The Housewives League of Detroit: Women Empowering Their Community

The Housewives’ League of Detroit was founded in 1930 by Fannie P. Peck. By 1935 the Detroit league grew to over 12,000 members who were divided into 16 neighborhood units.

The league was formed to combat the lack of blacks being hired by businesses that had no problem taking their money. The league helped create over 70,000 jobs for blacks, both men & women.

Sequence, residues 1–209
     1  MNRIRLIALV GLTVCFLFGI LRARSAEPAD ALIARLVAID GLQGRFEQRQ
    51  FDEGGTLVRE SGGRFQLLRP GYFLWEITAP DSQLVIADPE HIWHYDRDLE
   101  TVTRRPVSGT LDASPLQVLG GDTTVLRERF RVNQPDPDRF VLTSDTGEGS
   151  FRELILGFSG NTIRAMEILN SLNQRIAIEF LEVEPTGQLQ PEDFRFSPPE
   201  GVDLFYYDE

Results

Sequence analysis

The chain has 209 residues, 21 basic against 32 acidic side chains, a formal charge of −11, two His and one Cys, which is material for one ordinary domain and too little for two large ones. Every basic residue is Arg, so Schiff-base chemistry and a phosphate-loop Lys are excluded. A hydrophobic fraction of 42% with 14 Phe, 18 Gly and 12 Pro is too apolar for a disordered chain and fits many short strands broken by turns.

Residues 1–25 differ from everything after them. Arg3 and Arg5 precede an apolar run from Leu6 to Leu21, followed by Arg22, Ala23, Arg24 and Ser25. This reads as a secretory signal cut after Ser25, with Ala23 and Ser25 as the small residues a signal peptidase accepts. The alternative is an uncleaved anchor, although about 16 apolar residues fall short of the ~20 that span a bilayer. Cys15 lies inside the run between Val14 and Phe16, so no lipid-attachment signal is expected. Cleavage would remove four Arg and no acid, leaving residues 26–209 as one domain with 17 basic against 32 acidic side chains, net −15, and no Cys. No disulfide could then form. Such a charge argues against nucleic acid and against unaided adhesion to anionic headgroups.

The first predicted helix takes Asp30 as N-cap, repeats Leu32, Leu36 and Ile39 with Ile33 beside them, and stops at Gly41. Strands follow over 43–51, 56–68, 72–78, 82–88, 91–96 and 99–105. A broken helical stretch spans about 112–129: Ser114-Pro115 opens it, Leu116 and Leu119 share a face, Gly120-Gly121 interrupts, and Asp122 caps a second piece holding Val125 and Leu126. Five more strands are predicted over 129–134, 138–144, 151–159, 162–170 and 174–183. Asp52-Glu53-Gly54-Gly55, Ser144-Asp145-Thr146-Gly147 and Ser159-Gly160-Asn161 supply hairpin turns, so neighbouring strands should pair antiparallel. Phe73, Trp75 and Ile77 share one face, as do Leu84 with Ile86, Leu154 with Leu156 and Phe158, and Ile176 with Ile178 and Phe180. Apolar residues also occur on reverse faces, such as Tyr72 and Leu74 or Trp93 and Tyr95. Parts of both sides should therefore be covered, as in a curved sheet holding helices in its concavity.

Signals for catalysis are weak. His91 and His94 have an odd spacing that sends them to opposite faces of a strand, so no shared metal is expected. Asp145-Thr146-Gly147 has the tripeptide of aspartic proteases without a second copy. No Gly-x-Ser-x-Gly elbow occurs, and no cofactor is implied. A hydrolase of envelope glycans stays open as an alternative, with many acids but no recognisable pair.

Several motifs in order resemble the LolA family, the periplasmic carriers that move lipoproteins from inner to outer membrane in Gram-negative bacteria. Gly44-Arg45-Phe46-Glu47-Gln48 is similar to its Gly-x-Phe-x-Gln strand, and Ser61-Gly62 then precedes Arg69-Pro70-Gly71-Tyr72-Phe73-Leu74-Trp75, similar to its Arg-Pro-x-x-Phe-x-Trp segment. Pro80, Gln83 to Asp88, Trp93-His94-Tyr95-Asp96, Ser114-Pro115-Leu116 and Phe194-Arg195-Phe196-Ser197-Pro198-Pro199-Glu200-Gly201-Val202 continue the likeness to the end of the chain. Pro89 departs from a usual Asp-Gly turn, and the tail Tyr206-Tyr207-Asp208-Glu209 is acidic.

During the 1930’s great depression, northern blacks organized and strategized to make their condition’s more livable.

They started several campaigns aimed at requiring white store owners to hire black employees. A junior unit was started in 1935 to get the children of ages 6-15 years old involved in the movement.

In 1946, high school and college kids were given an opportunity to start their own unit. The housewives league of Detroit is a good example of what can be done with a little unity.















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